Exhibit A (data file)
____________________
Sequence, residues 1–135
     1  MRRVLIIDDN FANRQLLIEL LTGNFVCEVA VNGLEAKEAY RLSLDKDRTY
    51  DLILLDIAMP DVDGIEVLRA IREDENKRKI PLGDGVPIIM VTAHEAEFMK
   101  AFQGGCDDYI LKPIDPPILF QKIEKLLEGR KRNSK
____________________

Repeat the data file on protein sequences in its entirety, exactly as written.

Sequence, residues 1–135
     1  MRRVLIIDDN FANRQLLIEL LTGNFVCEVA VNGLEAKEAY RLSLDKDRTY
    51  DLILLDIAMP DVDGIEVLRA IREDENKRKI PLGDGVPIIM VTAHEAEFMK
   101  AFQGGCDDYI LKPIDPPILF QKIEKLLEGR KRNSK